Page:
What Steps Can Be Taken to Prepare for Pandemic-Related PTSD?

A systematic approach to services to prevent, diagnose, and treat PTSD in risk groups is needed (34). First of all, mental health experts should be aware of the risk of developing PTSD in severe COVID-19 survivors who feared imminent death from the disease, their family members and family members of patients who have died as a result of the pandemic, as well as frontline HCWs witnessing patients' sudden deaths, or life-threatening situations. Information about PTSD and its symptoms should be made available to all HCWs and to mental health patients and their families during and in the months following the pandemic.

Second, we postulate that the three groups at risk described above should be routinely screened for PTSD in the months following the onset of the disease as the usual window of PTSD onset lies between 1 and 6 months after a traumatic event. Screening should be done in primary medical and pediatric care if resources are immediately available for timely follow-up by mental health professionals with specific expertise in PTSD assessment, and—in optimal circumstances—treatment of this disorder. Screening should distinguish between other mental health problems vs. PTSD. Measurement should begin with screening first for traumatic events, i.e., directly experiencing or witnessing death or imminent threat of death due to the pandemic (or other concurrent or previous incidents) being criterion A of the disorder according to DSM-5. PTSD symptoms should be screened only if potentially traumatic events are identified. For example, non-symptomatic individuals who test positive for COVID-19 are not at risk and should not be screened for PTSD, although they may develop other mental disorders such as depressive or anxiety disorder (35). Co-occurrence of PTSD and other disorders [see (7, 8)] is associated with high levels of distress, burden and reduced quality of life (11, 12), thus special clinical attention should be paid to individuals with PTSD experiencing additional mental health problems.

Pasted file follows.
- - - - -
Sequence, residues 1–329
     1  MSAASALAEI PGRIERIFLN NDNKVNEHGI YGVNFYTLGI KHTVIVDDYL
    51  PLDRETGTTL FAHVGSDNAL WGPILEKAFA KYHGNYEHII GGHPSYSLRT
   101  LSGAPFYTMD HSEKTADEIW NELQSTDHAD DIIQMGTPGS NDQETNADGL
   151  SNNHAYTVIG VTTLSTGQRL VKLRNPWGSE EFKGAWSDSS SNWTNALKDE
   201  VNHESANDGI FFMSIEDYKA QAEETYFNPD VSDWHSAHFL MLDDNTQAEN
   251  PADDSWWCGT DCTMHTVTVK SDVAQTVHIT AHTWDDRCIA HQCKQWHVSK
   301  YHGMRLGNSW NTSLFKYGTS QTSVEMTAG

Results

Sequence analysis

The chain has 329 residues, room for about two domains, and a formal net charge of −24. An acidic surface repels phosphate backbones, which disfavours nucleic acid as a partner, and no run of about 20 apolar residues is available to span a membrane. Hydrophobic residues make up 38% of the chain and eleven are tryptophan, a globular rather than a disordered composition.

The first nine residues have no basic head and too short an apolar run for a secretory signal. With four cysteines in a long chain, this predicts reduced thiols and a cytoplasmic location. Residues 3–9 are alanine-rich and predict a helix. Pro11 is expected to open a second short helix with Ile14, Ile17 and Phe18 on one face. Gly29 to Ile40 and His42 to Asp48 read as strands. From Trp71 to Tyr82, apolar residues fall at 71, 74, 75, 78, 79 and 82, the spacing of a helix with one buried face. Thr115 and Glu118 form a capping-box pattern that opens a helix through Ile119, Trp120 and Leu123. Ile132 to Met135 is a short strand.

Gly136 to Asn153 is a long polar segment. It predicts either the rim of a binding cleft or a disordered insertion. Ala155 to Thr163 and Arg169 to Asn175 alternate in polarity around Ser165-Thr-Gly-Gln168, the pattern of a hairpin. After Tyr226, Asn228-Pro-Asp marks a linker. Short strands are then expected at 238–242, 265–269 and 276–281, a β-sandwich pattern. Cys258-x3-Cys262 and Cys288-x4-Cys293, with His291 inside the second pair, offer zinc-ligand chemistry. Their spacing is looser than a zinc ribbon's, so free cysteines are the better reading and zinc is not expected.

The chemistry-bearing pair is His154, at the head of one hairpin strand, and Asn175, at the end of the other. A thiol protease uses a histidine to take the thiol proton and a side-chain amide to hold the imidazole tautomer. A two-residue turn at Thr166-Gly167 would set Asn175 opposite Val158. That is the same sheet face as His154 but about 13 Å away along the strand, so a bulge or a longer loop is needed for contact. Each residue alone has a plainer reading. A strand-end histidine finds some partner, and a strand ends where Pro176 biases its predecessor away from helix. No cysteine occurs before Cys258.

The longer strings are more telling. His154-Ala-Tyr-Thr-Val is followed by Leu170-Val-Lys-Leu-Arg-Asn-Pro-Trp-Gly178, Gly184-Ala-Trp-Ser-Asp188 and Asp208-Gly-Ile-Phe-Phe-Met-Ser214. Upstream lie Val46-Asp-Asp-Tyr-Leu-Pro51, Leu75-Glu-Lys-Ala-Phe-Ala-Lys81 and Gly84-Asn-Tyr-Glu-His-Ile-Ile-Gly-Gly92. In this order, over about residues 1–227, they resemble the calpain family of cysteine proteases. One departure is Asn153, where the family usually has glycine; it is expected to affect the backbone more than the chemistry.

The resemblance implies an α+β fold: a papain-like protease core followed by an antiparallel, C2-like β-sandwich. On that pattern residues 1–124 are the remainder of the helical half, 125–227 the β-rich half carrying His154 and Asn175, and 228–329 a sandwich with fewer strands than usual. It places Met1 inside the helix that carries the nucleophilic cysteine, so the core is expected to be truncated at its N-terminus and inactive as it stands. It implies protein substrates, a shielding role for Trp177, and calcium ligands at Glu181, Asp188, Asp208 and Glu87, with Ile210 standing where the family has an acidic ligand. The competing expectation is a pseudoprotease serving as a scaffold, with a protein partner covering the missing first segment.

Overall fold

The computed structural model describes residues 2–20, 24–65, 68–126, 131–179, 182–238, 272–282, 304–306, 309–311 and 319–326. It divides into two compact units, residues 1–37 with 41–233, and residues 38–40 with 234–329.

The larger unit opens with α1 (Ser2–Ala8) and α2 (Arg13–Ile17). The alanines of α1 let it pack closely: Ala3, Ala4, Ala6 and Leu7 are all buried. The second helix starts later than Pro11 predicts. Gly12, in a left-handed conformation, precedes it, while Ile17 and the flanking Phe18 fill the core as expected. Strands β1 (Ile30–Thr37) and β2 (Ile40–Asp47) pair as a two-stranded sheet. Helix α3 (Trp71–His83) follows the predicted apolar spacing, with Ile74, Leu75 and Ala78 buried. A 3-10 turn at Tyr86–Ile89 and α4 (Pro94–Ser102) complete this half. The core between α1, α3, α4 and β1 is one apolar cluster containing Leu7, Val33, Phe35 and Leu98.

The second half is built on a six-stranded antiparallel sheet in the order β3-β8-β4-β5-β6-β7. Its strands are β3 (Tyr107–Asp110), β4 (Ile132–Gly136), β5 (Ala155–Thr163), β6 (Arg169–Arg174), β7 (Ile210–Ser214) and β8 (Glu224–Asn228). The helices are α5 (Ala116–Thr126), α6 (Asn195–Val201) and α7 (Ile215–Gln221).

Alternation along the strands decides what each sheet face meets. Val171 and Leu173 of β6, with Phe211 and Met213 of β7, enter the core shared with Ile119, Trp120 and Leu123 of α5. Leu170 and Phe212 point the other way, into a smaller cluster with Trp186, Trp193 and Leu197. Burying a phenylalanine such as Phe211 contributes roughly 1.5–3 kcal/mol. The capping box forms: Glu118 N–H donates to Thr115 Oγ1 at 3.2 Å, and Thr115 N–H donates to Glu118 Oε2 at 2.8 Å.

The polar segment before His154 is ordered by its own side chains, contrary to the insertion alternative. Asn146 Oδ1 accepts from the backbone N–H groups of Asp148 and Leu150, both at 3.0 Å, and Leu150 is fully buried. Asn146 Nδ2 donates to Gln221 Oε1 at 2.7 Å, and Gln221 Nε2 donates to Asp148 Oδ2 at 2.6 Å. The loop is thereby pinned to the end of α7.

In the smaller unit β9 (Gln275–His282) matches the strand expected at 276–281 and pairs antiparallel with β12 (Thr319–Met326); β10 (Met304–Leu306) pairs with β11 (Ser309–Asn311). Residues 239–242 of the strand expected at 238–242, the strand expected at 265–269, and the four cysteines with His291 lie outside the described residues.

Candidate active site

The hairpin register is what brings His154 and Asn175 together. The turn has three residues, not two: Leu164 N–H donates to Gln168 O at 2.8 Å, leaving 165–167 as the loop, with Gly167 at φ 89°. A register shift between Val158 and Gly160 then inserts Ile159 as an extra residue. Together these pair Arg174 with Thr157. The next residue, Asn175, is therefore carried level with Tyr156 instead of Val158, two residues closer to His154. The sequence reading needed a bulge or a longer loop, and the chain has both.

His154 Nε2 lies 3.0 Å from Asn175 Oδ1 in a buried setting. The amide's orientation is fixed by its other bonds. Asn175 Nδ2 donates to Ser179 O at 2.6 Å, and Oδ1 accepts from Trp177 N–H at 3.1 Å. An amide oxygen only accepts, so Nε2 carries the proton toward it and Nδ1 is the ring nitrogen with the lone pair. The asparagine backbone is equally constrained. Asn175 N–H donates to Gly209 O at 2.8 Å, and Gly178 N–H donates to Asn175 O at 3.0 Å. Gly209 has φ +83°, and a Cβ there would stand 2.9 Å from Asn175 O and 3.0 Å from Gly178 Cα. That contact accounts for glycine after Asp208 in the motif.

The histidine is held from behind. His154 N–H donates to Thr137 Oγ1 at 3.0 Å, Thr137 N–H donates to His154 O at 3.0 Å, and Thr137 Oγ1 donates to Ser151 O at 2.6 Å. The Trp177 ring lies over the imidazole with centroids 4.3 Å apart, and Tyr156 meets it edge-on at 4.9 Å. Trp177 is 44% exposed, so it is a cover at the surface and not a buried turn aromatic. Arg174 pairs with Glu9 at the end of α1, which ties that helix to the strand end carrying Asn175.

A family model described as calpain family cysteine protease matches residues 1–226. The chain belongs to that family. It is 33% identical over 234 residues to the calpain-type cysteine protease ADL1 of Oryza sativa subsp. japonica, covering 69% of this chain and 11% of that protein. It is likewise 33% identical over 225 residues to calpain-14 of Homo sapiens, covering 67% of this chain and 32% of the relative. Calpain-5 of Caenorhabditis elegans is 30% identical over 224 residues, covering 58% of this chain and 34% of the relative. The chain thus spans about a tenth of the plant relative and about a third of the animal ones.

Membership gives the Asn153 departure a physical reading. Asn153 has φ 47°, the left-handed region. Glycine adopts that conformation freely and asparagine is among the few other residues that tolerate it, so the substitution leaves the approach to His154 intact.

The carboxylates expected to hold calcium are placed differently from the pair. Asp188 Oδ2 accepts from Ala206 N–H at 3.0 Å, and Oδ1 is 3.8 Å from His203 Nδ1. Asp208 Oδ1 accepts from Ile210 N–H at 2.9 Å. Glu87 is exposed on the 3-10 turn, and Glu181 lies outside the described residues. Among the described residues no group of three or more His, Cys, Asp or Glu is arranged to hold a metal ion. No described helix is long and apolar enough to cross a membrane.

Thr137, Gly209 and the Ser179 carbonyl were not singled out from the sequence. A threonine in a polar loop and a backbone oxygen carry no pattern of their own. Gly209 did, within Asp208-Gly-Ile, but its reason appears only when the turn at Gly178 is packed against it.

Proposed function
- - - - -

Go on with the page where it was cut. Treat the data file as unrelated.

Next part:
Bereaved surviving close ones who died unexpectedly as a result of the pandemic should be screened not only for PTSD but also for prolonged grief disorder, for example with the Prolonged Grief Disorder-13-Revised scale (36). PGD measurement should be carried out 12 months after the loss, as—according to DSM-5-TR—this is the time after which the persistence of severe grief symptoms, if they interfere with the psychosocial functioning, indicates the presence of this disorder (37).

Third, mental health services should prepare to provide evidence-based therapeutic interventions for individuals with PTSD such as prolonged exposure therapy, and cognitive processing therapy (38). It would be worth training clinicians in various countries in delivering these evidence-based interventions online, as well as to test their effectiveness in individuals with pandemic-related PTSD. Moreover, mental health professionals should be encouraged to: (i) share their experiences on the adjustments to be made in order to tailor these interventions to the current situation, e.g., necessity to provide interventions online and to acknowledge the specificity of the clinical picture of symptoms in severe COVID-19 survivors and their families (including the bereaved), and HCWs; (ii) define frameworks to effectively implement evidence-based interventions in mental health services in various countries (in particular in low income countries); and (iii) prepare accessible and easy-to-follow online trainings for professionals from various countries on evidence-based therapeutic interventions for PTSD.